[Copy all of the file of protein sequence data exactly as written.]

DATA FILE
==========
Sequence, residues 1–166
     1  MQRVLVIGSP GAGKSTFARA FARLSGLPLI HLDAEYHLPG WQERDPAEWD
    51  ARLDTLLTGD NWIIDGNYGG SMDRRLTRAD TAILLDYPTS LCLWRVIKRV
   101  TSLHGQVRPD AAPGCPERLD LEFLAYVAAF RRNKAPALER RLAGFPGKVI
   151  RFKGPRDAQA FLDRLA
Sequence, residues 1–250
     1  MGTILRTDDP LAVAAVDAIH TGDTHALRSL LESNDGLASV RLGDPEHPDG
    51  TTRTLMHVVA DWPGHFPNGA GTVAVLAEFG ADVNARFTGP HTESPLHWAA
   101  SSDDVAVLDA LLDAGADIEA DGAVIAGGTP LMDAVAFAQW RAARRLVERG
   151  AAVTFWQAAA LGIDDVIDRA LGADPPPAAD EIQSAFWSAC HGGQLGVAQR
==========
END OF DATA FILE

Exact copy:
Sequence, residues 1–166
     1  MQRVLVIGSP GAGKSTFARA FARLSGLPLI HLDAEYHLPG WQERDPAEWD
    51  ARLDTLLTGD NWIIDGNYGG SMDRRLTRAD TAILLDYPTS LCLWRVIKRV
   101  TSLHGQVRPD AAPGCPERLD LEFLAYVAAF RRNKAPALER RLAGFPGKVI
   151  RFKGPRDAQA FLDRLA
Sequence, residues 1–250
     1  MGTILRTDDP LAVAAVDAIH TGDTHALRSL LESNDGLASV RLGDPEHPDG
    51  TTRTLMHVVA DWPGHFPNGA GTVAVLAEFG ADVNARFTGP HTESPLHWAA
   101  SSDDVAVLDA LLDAGADIEA DGAVIAGGTP LMDAVAFAQW RAARRLVERG
   151  AAVTFWQAAA LGIDDVIDRA LGADPPPAAD EIQSAFWSAC HGGQLGVAQR